which they regard as proprietary. These are the stiuations requirinng
    FSF etc to get out the hobnail boots.

    The more fundamental problem is that some device makers regard the GPL
    as a joke. AT&T also regarded copyright of UNIX code developed by
    University of California, University of New South Wales etc as a joke
    when they stripped out copyright notices and incorporated such code in
    their proprietary UNIX. AT&T subsequently settled out of court with
    the Regents of the UofC.
    peterwn, Mar 5, 2010
    #7
  8. In message <c2958198-
    >, peterwn wrote:

    > Maker is unlikely to face court action or pay damages if the breach is
    > remedied when pointed out.


    It’s worth emphasizing that all the enforcement actions undertaken by gpl-
    violations.org, the FSF and others have been targeted at getting the vendors
    to comply with the GPL, not at getting large sums of money out of them or
    trying to kill their business. Like when the FSF sued Cisco
    <http://lwn.net/Articles/333907/>, some who had not been following the case
    immediately jumped to the conclusion that the FSF were being trigger-happy,
    not realizing that they had been trying to come to an amicable agreement
    over many years <http://lwn.net/Articles/310899/>.

    Maybe there’s a culture where the threat of lawsuits just doesn’t get taken
    seriously unless there’s millions of dollars involved.

    > The more fundamental problem is that some device makers regard the GPL
    > as a joke.


    BusyBox does seem to be the issue in more GPL-compliance lawsuits than all
    other Free Software put together <http://lwn.net/Articles/366467/>. This in
    spite of the fact that the GPL has been enforced in quite a few court cases
    now.
    Lawrence D'Oliveiro, Mar 5, 2010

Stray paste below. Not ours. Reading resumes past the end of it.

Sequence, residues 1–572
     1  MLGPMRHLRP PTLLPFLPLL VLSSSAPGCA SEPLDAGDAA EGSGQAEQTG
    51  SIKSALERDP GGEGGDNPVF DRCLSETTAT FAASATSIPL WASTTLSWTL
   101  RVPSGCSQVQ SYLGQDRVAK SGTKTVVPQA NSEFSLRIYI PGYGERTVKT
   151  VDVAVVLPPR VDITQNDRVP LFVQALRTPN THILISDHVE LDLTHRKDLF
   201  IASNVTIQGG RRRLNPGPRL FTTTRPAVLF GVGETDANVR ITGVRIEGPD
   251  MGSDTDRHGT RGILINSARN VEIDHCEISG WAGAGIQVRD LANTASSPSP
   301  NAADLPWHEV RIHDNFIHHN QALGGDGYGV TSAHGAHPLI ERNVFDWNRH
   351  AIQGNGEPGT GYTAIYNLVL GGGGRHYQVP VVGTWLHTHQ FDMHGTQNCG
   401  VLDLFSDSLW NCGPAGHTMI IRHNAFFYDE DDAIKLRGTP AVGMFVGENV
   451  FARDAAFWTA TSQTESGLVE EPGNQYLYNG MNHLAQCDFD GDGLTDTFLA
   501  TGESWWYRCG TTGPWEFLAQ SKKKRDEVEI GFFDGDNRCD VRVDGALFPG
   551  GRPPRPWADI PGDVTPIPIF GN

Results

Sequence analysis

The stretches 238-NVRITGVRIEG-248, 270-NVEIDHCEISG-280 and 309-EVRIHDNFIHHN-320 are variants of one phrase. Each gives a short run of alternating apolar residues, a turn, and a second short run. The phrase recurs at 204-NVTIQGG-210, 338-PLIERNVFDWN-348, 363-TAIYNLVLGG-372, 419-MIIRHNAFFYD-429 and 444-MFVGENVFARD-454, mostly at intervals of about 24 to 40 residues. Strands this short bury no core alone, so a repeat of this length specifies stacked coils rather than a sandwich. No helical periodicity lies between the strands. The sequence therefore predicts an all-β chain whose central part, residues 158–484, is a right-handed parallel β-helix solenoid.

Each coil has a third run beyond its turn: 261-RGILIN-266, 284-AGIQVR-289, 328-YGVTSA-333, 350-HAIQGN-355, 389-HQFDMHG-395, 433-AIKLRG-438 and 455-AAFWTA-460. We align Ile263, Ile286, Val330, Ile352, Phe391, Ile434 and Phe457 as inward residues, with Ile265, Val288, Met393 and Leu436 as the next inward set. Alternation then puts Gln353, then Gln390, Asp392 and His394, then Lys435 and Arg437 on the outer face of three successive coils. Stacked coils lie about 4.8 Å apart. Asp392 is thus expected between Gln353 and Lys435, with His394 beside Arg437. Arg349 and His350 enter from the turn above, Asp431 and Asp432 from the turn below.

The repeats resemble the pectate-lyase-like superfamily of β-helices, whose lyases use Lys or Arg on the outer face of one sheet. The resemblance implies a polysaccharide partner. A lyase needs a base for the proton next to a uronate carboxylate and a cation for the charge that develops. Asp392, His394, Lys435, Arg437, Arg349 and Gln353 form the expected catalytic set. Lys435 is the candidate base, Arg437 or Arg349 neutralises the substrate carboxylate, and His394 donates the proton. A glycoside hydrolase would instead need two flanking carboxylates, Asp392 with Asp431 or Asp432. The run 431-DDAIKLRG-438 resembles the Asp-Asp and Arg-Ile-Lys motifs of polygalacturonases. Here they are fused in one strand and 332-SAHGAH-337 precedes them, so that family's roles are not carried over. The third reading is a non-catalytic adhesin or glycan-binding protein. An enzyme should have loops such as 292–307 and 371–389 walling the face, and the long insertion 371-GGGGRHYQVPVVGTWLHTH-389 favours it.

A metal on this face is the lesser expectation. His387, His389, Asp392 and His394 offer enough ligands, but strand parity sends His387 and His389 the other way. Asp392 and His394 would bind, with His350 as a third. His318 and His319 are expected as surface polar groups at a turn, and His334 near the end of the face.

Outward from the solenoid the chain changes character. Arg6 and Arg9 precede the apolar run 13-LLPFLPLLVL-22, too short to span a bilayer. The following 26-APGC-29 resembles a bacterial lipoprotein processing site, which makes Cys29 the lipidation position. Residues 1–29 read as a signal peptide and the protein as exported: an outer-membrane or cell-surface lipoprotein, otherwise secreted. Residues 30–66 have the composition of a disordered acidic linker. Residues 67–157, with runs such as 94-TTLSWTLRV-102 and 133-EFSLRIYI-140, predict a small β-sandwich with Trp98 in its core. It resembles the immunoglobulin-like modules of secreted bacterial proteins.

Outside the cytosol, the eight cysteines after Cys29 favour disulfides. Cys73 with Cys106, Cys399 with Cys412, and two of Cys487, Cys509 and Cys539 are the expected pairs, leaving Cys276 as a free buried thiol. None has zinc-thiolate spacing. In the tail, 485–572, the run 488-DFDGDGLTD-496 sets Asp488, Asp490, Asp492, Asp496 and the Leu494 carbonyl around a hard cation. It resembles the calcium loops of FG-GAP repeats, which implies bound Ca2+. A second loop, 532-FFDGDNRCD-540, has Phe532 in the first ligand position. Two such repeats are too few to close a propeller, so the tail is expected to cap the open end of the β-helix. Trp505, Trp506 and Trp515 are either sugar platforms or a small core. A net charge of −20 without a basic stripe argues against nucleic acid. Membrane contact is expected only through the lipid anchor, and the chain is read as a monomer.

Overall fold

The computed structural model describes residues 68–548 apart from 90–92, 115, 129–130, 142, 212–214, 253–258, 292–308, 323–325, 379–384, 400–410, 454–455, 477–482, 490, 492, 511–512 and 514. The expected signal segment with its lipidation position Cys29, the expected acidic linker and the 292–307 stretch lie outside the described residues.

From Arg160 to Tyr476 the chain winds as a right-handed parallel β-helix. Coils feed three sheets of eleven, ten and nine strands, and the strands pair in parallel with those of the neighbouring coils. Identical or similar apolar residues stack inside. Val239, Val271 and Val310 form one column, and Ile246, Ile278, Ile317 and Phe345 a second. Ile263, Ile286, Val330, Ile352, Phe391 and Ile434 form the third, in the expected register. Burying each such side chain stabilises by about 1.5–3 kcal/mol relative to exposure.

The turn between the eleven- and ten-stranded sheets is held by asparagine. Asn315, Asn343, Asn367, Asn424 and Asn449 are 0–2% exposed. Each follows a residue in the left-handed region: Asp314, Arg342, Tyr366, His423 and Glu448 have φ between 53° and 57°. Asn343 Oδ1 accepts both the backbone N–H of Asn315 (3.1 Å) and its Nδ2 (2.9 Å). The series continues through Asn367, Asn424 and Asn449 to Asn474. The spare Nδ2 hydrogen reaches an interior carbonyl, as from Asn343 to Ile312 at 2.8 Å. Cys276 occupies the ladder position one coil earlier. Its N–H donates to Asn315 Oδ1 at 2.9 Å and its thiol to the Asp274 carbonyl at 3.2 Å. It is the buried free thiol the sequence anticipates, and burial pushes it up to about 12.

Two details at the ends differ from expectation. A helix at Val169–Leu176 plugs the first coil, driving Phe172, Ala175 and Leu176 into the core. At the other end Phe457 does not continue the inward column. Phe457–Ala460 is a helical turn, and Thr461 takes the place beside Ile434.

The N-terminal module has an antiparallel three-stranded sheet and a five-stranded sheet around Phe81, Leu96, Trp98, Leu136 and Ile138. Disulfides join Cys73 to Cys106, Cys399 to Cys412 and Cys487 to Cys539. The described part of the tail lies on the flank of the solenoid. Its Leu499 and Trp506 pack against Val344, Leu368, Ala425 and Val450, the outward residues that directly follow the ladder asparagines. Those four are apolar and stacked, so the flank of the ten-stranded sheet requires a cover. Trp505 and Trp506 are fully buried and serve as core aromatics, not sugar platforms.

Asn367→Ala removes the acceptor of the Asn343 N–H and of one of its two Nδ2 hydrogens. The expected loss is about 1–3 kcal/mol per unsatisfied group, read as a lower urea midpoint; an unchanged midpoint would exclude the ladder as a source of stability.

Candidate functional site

#8
  9. peterwn

    peterwn Guest

    On Mar 5, 3:11 pm, Lawrence D'Oliveiro <l...@geek-
    central.gen.new_zealand> wrote:

    >
    > > The more fundamental problem is that some device makers regard the GPL
    > > as a joke.

    >
    > BusyBox does seem to be the issue in more GPL-compliance lawsuits than all
    > other Free Software put together <http://lwn.net/Articles/366467/>. This in
    > spite of the fact that the GPL has been enforced in quite a few court cases
    > now.


    After the Linux kernel itself, Busybox is arguably the second most
    significant piece of software especially for embedded systems. It is a
    compact collection of 'lite' versions of the fundamental *NIX commands
    like mkdir, etc, etc. It is also commonly used in Linux installation
    routines because of its compactness.
    peterwn, Mar 5, 2010
    #9
  10. In message <2d0492b3-
    >, peterwn wrote:

    > [BusyBox] is also commonly used in Linux installation routines because of
    > its compactness.


    Which annoys the hell out of me. Typical installation media nowadays can
    easily be a gigabyte or more in size. Why can’t Debian, for example, include
    a proper shell, along with a bunch of proper file-manipulation utilities,
    including my favourite, rsync? Or at least offer the option of an installer
    with these.
    Lawrence D'Oliveiro, Mar 5, 2010
    #10